Few people really need a reason other than appetite to enjoy a pizza, but on Nov. 16, a group that opposes President Obama's health care reform law had another, very different reason.
According to organizers, around 20,000 participants agreed to buy a pizza from Papa John's for "Papa John's Day" in support of statements from CEO John Schnatter's comments that the Affordable Care Act will force him to raise the price of the chain's food and cut employee hours. Groups who support the health care law (often called Obamacare) have threatened to boycott the pizza chain.
The rally around the Papa John's brand is similar to the one Chick-fil-A experienced after its COO, Dan Cathy, made controversial statements about gay marriage.
Fan-created events like Papa John's Day certainly help a company's sales for one day, but do they help in the long run, particularly since they result from divisive politics? Some experts say they just might.
"Chick-fil-A has confused all the experts by not only not experiencing severe brand damage, but actually benefiting in terms of sales, loyalty, and advertising awareness as a result of the controversy," says Gerald Baron, principal at Agincourt Strategies. "If Papa John's experiences a similar situation of seeing sales increases, we may very well see a trend developing. "
That doesn't necessarily mean all bad publicity is suddenly becoming a boon to brands, Baron warns. Lance Armstrong's recent troubles are evidence of that, but not all flare-ups have led to great harm.
The lawsuit over the meat content of Taco Bell's beef didn't seem to hurt it too much, nor did a YouTube video of Domino's employees behaving badly. (Taco Bell issued a statement defending its products, saying bluntly, "The lawyers got it wrong." Domino's fired the workers and issued a strong, albeit tardy, response.)
But what about socio-political stances?
"There is already some indication that some of similar situations where brands are put in a bad light and go viral are actually manufactured for the sake of gaining that exposure," Baron says.
Branding expert Rob Frankel agrees. The protests against Papa John's will only bring more attention to the brand that will "garner Schnatter and Papa John's free media, most likely worth millions."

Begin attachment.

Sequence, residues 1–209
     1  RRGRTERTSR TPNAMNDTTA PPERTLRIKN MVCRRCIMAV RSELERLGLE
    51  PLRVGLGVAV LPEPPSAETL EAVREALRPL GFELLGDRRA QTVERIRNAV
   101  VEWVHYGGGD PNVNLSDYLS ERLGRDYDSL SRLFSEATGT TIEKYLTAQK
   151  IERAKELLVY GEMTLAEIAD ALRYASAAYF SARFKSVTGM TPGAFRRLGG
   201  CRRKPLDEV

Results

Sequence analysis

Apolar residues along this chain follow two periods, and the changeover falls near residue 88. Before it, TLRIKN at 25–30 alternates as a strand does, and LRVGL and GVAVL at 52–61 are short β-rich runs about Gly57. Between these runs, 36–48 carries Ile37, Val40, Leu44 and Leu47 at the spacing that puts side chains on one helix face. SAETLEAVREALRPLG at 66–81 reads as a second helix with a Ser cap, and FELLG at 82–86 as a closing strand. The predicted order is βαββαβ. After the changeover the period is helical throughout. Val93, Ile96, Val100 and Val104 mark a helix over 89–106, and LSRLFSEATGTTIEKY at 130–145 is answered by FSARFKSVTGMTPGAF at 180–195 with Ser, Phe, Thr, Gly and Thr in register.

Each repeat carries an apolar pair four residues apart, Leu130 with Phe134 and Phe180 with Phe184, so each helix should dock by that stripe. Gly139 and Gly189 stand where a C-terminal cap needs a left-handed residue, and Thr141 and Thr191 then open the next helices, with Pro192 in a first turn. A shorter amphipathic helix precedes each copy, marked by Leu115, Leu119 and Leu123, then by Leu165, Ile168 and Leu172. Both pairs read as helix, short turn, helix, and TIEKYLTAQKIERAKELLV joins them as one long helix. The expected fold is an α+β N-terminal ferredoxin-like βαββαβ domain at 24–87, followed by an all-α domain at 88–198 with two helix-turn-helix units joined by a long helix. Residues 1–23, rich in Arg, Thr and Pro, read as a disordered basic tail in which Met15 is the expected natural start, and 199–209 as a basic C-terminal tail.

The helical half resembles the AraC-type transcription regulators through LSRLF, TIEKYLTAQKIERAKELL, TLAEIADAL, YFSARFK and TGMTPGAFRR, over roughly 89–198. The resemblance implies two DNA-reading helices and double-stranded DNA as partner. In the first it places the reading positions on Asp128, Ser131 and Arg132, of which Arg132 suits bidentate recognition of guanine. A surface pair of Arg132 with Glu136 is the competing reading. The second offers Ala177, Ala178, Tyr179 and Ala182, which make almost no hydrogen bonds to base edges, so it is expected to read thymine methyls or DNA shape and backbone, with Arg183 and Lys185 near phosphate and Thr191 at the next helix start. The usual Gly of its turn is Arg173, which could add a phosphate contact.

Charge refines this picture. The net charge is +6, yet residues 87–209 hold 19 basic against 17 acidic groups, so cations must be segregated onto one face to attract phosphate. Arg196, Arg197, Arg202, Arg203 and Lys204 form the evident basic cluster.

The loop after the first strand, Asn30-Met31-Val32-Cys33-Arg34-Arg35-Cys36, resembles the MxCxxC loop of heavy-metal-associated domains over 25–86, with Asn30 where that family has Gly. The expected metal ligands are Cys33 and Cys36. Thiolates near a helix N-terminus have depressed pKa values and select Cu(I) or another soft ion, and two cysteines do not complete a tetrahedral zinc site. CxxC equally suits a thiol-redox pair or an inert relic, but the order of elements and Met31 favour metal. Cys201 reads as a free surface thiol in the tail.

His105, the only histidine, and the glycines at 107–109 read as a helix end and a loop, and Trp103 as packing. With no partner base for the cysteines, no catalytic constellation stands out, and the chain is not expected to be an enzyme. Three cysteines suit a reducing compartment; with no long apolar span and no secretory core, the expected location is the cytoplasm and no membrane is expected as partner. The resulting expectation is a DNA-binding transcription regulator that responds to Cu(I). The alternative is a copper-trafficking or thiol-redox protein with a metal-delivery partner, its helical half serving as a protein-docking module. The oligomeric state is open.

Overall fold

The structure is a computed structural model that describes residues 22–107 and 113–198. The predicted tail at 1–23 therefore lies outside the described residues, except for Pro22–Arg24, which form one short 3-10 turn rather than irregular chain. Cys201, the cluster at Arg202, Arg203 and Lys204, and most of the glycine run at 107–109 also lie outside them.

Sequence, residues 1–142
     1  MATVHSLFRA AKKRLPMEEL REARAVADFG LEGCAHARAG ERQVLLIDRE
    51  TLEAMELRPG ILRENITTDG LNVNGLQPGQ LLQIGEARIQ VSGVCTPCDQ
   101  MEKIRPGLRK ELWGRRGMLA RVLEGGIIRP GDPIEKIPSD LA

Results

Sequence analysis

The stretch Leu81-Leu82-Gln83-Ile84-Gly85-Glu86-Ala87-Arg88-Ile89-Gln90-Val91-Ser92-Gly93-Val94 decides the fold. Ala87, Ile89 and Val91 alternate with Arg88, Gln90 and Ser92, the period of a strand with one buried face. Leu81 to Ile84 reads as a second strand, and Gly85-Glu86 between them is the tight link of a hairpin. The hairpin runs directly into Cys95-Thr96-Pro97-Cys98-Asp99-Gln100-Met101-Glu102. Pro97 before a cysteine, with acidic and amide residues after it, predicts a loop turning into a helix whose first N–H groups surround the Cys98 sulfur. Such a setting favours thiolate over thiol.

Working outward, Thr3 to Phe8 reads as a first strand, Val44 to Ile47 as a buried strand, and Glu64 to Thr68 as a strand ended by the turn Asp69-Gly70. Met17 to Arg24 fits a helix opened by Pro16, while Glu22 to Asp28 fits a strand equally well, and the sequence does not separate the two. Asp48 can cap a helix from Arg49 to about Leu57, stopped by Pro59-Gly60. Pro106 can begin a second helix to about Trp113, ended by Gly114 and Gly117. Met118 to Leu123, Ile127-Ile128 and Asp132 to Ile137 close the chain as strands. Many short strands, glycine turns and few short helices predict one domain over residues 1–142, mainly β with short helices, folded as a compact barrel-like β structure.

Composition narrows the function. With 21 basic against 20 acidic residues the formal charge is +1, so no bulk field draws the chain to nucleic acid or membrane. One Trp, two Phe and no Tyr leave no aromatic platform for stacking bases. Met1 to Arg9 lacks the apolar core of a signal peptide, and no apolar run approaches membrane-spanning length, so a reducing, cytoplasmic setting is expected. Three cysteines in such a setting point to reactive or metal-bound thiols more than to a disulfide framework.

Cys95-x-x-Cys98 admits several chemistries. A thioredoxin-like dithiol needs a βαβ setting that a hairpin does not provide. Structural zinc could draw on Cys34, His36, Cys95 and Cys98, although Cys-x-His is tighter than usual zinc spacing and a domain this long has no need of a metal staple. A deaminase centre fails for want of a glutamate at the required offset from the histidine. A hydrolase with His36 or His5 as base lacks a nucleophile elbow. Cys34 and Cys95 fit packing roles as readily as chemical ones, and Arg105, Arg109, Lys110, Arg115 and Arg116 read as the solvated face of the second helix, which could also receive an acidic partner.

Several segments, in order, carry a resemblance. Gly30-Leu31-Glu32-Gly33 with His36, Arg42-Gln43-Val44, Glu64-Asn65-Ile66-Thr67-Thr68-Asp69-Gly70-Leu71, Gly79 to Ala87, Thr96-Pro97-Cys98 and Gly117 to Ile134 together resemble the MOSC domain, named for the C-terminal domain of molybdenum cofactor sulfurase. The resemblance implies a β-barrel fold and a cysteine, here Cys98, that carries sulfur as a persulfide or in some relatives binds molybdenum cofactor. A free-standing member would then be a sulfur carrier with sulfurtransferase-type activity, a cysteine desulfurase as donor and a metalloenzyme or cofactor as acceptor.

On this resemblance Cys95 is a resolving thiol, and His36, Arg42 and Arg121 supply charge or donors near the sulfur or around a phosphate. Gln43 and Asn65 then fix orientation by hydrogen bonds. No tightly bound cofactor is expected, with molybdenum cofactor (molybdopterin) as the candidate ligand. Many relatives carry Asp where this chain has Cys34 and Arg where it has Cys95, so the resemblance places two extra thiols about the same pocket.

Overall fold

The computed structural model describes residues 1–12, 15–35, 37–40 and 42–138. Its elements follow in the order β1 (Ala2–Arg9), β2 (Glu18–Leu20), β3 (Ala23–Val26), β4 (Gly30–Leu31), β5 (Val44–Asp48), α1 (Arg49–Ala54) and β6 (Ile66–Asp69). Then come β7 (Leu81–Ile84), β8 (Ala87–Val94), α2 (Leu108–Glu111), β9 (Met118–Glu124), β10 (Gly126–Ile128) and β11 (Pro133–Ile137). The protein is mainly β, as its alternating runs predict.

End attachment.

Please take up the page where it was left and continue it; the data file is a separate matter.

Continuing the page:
"In this respect, the protesters are actually helping, not hurting the franchise," he says.
Though Papa John's and Chick-fil-A may have gained some initial boosts in the wake of political statements from executives, Jonathan Bernstein of Bernstein Crisis Management says there are lots of reasons for executives to avoid rocking the boat.
"I think there are many ways that Mr. Schnatter could have expressed his political opinions without cheapening them by using a marketing ploy and risk alienating the majority of Americans who voted for Mr. Obama," he says. "The negative effects from his comments and tactics potentially outweigh the positive of fan-led events like the one Friday. So why take the risk?"
At least one chain, Denny's, seems eager to avoid such risk.
In the days after Obama was re-elected, one franchisee threatened cutting staffers' hours, as well as imposing a surcharge to customers, beginning in January 2014 when Obamacare takes full effect. The company's corporate office issued a statement that said the franchisee's opinion did not reflect that of the brand.
"We will continue to monitor the developments of the Affordable Care Act and any other legislation that may impact our team members, franchisees, employees and guests, and will do the right thing as individuals, as a company and as a brand," the statement says.
Frankel says Denny's probably did the right thing.
"By taking that tack, Denny's assures itself the time and rationale for taking appropriate reaction based on reality rather than demagoguery," he says.
Data vs. conviction
Tripp Frohlichstein of MediaMasters Training says people may be rallying around Papa John's, but he also has neighbors who have sworn off the pizza chain.
"Someone needs to try to measure if these things even themselves out," he says.
Baron says the partisan divide in the United States provides brand leaders an opportunity to benefit, however. What matters is whether they mean it.
"I suspect that both Chick-fil-A's COO and Papa Johns' CEO spoke on these matters because they matter and because they care about these topics," he says. "I'm guessing that neither one of these ultimately care that much about the backlash because they spoke out on something they believed in."
On the other hand, the Susan G. Komen Foundation ended up in deep trouble because it took one stand, then went back on it, Baron asserts.
Matt Wilson is a staff writer for Ragan.com.